The Semaphore is a technique that was developed by Dijkshra in 1965. This technique manages the process running concurrently by using an integer value. This value is known as Semaphore. The two types of Semaphore:

  • Binary Semaphore: It is also called Mutex. It consists of two values. The first value is 1 and the second is 0.
  • Counting Semaphore: It is used for controlling the access having multiple instances.


Starvation is a condition in the operating system when there are high-priority tasks that keep executing and the low-priority jobs are in the waiting queue for a very long time. Generally, starvation can occurs when there are not sufficient resources available for processes.


Spooling is defined as the process of holding data temporarily and getting executed by a device or a system. The data is stored in the volatile memory and stored here until the system requests it.

System Call:

The system call is defined as the way of establishing an interaction between the operating system and the hardware. When we start to do a process in a system, there are several requests generated in the system. These requests make a call for the operating system where the operating system does its work of managing the task, memory management, etc. This interaction is called the System calls.

The programmatic way of interaction between the program and the kernel of a system is called a System call. The following services are provided by the system calls:

  • Process creation and management
  • Main memory management
  • File Access, Directory, and File system management
  • Device handling(I/O)
  • Protection
  • Networking

Following are the types of system calls:

  • Process control
  • File management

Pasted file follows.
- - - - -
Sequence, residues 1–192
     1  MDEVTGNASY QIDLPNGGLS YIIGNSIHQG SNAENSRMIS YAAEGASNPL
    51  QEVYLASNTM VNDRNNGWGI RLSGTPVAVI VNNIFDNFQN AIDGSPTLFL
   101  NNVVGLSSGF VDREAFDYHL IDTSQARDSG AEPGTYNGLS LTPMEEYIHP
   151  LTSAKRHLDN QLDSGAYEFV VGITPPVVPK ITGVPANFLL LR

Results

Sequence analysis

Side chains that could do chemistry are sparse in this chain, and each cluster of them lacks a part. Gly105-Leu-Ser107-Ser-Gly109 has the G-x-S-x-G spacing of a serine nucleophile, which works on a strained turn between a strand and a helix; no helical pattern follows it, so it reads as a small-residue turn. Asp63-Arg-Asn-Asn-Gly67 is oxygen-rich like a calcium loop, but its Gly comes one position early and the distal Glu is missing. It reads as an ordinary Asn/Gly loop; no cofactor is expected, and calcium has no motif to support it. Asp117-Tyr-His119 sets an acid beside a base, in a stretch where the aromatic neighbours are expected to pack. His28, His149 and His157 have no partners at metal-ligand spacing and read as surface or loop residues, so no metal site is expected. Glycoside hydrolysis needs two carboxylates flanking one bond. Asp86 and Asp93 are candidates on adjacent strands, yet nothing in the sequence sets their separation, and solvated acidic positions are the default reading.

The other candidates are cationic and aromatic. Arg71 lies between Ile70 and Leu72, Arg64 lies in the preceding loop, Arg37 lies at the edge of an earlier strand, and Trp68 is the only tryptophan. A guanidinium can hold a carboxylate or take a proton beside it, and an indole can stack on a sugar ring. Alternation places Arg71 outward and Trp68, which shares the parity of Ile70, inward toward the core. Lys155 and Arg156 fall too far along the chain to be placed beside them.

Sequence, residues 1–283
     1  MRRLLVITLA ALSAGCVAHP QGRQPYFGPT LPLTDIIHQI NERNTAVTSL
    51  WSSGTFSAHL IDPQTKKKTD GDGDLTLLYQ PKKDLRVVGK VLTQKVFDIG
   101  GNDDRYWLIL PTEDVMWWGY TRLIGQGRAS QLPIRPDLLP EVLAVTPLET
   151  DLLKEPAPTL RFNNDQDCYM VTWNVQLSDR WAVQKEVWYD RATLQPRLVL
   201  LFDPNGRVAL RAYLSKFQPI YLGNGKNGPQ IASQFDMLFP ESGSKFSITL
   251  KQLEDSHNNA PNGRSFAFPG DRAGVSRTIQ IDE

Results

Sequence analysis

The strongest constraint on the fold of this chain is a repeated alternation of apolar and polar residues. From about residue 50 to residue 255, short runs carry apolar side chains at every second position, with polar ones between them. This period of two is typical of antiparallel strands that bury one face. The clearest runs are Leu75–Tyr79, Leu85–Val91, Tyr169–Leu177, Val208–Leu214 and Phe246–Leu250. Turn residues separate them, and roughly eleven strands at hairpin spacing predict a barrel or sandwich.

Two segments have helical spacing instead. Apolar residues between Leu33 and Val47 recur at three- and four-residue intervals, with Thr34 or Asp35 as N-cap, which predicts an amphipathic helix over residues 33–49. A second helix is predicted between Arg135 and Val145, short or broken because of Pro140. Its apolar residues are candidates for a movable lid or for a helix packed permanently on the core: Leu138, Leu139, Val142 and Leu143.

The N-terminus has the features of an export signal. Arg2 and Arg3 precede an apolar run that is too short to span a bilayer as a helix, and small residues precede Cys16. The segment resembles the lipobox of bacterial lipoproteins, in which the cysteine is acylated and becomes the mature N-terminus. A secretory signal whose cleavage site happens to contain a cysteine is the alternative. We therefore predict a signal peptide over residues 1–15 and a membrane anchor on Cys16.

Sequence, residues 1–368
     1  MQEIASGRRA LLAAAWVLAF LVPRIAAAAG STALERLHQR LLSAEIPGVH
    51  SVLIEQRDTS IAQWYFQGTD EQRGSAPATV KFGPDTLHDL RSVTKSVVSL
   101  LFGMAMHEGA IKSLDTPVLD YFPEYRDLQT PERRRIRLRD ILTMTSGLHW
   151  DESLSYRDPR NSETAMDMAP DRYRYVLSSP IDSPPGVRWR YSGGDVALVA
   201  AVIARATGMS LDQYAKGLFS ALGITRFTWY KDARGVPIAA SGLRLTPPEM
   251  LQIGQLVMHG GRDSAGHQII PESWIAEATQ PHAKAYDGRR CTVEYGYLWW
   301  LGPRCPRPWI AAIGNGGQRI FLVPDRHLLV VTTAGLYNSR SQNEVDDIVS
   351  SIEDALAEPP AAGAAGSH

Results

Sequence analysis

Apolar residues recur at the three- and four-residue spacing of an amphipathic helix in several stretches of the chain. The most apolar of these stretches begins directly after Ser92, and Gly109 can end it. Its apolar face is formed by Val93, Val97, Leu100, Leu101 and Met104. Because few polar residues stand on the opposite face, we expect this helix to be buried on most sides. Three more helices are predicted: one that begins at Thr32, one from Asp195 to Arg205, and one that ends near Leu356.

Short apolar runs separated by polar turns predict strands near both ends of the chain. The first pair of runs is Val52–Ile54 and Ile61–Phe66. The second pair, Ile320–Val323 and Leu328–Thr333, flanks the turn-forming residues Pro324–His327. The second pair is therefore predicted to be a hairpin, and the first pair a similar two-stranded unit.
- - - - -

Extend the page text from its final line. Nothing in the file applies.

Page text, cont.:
• Device management
  • Information maintenance
  • Communication

System Threats:

System threats refer to the use of the existing system, services, and network connections for troubling a user. These threats are used when a user is using a program over a network, called a Program Attack. System threats create an environment where the resources or user file files user is misused by the operating system.

Synchronous vs Asynchronous I/O:

Synchronous I/O is defined as when there is a process or a thread that is waiting for the operation to get executed. While Asynchronous I/O is defined as when there is no waiting for the operation to get executed.


A thread is a basic unit of execution of any process. Each program may have several processes associated with it and each process may have several threads associated with the process. So, the thread can be referred to as the basic unit of a process or the basic unit of CPU utilization.

A thread comprises the following parts-

  1. A thread ID
  2. Program Counter
  3. A registered set
  4. A stack


  • Operating system is software that ensures the connection between the user and hardware.
  • Fragmentation is defined as the process of removing an unwanted problem in the operating system.
  • The kernel is defined as the middle layer between the operating system and the hardware of a system.
  • Multiprogramming is the operating system that allows the execution of more than one process at the same time.
  • To learn more about operating system tutorials, you can click here Operating System